Are the youngest in class more likely to be diagnosed with ADHD?

Findings from a study published in the Journal of Child Psychology and Psychiatry suggest that children who are the youngest in their classroom are more likely to be diagnosed with attention deficit hyperactivity disorder (ADHD) than their older classmates.

Martin Whitely and colleagues conducted a systematic review of 22 studies that examined the relationship between a child’s age relative to their classmates and their chances of being diagnosed with, or medicated for, ADHD. Seventeen studies (with a total of more than 14 million children) found that it was more common for the youngest children in a school year to be diagnosed as ADHD than their older classmates. This effect was found for both countries that have a high diagnosis rate, like the US, Canada and Iceland, and countries where diagnosis is less common, like Finland and Sweden.

The researchers suggest that some teachers may be mistaking normal age-related immaturity of the youngest children in their class for ADHD, and that these findings highlight the importance of being aware of the impact of relative age and give the youngest children in class the extra time they may need to mature.

Source: Attention deficit hyperactivity disorder late birthdate effect common in both high and low prescribing international jurisdictions: systematic review (October 2018), The Journal of Child Psychology and Psychiatry doi:10.1111/jcpp.12991

Say hello, wave goodbye to behaviour problems

A small-scale study by Clayton Cook and colleagues, published in the Journal of Positive Behavior Interventions, investigated the impact of a Positive Greetings at the Door (PGD) strategy.

Ten English and maths classrooms (from sixth to eighth grade – Years 7-9) in two schools in the Pacific Northwest of the United States were identified that had low levels of academic engaged time (AET) and a high rate of disruptive and off-task behaviour. In total, 203 pupils took part. A randomised block design was used to allocate the classes to intervention and control groups.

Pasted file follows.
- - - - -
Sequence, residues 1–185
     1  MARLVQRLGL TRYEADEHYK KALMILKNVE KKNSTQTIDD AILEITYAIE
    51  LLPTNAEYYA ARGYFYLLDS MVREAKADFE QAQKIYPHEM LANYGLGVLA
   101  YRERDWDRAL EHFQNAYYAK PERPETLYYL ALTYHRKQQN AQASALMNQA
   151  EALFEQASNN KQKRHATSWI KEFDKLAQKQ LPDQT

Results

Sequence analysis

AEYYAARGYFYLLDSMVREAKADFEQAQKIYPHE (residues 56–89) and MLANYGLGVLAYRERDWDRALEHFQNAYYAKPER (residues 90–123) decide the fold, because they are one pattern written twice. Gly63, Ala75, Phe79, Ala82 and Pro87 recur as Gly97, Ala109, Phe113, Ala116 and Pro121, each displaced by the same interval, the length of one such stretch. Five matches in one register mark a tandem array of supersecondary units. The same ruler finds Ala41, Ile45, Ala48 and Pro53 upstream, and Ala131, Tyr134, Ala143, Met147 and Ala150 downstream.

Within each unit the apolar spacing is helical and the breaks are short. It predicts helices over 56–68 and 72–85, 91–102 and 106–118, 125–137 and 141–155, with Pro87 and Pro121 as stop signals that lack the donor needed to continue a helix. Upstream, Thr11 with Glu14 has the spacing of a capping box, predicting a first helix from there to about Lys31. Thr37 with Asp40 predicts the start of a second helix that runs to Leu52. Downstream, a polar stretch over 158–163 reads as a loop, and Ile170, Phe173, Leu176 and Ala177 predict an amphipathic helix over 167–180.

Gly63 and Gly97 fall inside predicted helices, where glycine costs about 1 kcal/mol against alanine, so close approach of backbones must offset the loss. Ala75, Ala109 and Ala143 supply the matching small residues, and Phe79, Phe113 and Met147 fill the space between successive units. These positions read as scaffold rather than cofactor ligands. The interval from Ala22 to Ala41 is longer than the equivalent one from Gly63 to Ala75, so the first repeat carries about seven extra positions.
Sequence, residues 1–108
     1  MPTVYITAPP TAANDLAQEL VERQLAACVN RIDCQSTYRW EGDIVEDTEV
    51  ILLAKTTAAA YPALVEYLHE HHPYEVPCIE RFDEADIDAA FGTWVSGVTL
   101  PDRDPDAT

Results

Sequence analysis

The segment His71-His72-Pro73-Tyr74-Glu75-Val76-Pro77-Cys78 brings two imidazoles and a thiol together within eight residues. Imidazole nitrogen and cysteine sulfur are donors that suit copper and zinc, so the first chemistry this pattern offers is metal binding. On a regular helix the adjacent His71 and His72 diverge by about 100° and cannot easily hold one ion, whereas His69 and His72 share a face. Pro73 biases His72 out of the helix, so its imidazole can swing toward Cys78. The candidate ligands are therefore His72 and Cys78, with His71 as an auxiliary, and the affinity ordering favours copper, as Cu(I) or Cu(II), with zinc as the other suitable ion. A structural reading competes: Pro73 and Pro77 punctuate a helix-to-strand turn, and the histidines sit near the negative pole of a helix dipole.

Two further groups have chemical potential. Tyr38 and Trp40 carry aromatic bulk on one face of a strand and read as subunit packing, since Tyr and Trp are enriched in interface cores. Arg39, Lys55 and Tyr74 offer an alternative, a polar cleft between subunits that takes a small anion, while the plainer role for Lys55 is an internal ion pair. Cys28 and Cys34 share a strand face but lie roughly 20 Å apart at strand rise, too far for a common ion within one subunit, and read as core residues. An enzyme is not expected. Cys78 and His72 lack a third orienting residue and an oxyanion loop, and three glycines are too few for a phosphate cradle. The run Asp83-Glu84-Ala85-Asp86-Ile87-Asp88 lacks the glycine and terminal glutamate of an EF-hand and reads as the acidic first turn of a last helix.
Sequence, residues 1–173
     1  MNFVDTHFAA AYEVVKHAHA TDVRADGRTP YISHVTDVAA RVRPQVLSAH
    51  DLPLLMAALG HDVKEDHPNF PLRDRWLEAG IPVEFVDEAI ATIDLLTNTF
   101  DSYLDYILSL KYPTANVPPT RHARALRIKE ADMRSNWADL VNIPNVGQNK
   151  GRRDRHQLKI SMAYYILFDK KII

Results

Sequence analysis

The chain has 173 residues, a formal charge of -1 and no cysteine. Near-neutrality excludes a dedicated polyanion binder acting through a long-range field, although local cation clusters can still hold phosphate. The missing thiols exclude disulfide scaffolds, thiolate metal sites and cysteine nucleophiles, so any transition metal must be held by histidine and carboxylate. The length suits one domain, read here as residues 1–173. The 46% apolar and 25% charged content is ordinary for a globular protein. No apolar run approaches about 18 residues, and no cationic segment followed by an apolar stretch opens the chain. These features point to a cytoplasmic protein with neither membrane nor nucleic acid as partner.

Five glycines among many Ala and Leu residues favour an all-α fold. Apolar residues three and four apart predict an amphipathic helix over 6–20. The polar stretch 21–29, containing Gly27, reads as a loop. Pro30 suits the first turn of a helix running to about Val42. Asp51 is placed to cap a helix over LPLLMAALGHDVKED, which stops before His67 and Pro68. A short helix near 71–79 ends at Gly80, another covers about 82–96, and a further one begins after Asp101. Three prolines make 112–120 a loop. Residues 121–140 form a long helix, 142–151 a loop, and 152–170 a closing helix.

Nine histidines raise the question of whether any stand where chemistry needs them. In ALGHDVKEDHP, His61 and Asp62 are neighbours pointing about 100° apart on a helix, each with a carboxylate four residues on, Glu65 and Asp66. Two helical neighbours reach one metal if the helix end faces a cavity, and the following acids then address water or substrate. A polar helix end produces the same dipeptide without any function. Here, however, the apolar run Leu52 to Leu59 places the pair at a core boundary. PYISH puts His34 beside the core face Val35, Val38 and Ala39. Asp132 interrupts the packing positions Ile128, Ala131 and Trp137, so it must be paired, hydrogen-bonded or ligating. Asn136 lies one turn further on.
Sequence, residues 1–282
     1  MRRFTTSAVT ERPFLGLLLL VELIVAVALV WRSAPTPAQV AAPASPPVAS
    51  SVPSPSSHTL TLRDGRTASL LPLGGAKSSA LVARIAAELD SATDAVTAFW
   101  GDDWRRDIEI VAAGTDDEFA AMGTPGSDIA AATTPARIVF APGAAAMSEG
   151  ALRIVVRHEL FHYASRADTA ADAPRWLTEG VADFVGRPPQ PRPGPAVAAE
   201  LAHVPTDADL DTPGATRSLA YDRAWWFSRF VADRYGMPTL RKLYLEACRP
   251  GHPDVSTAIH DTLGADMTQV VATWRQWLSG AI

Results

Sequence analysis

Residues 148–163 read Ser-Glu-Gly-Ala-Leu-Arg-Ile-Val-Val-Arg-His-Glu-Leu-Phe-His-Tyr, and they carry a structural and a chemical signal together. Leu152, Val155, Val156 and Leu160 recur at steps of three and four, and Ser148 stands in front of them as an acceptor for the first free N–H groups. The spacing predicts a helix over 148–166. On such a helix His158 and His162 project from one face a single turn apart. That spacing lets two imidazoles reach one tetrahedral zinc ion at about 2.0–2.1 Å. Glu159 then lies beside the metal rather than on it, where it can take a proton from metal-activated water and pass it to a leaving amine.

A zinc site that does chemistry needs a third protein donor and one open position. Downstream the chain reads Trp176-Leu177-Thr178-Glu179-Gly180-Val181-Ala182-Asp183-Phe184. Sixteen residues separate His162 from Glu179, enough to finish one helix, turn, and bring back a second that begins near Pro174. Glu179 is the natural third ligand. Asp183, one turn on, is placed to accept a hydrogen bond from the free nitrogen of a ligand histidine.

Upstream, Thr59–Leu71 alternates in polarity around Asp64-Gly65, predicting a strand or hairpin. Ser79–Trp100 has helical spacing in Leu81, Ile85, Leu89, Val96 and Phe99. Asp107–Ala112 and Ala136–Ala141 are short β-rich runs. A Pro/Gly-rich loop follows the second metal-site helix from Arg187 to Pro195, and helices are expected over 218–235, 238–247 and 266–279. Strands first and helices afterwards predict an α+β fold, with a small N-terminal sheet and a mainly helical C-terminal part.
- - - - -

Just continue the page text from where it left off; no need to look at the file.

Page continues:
Teachers of intervention classes were provided with training sessions and follow-up coaching on a PGD strategy (greeting the pupils by name, reminding pupils individually and collectively of behaviours for success, having a structured learning activity ready, and positively recognising on-time behaviour). Teachers in the control classes were given the same amount of time to talk with other teachers about their classroom management practice.

Class-wide and individual pupils behaviour was measured using the Behavioral Observation of Students in Schools (BOSS). Over two months, results showed that AET increased for the intervention group and stayed relatively constant for the control group (effect size = +0.93), while disruptive behaviour decreased by a similar amount (ES = -0.87).

The authors caution that the small sample of teachers lessens the generalisability of the study findings, and that the study focused on classes with low baseline levels of academic engagement and classroom management practices, so a similar impact might not be seen in all classrooms.

Source: Positive greetings at the door: Evaluation of a low-cost, high-yield proactive classroom management strategy (October 2018), Journal of Positive Behavior Interventions, 20(3), 149–159

Effective programmes in primary maths

Marta Pellegrini from the University of Florence and Cynthia Lake, Amanda Inns and Robert E Slavin from Johns Hopkins Center for Research and Reform in Education have released a new report on effective programmes in primary maths. The report reviews research on the mathematics achievement outcomes of all programmes with at least one study meeting the inclusion criteria of the review. A total of 78 studies were identified that evaluated 61 programmes in grades K–5 (Years 1–6).

The studies were very high in quality, with 65 (83%) randomised and 13 (17%) quasi-experimental evaluations. Key findings were as follows:

  • Particularly positive outcomes were found for tutoring programmes.
  • One-to-one and one-to-small group models had equal impacts, as did teachers and paraprofessionals as tutors.
  • Technology programmes showed modest positive impacts.
  • Professional development approaches focused on helping teachers gain in understanding of maths content and pedagogy had no impact on pupil achievement, but more promising outcomes were seen in studies focused on instructional processes, such as cooperative learning.
  • Whole-school reform, social-emotional approaches, maths curricula and benchmark assessment programmes found few positive effects, although there were one or more effective individual approaches in most categories.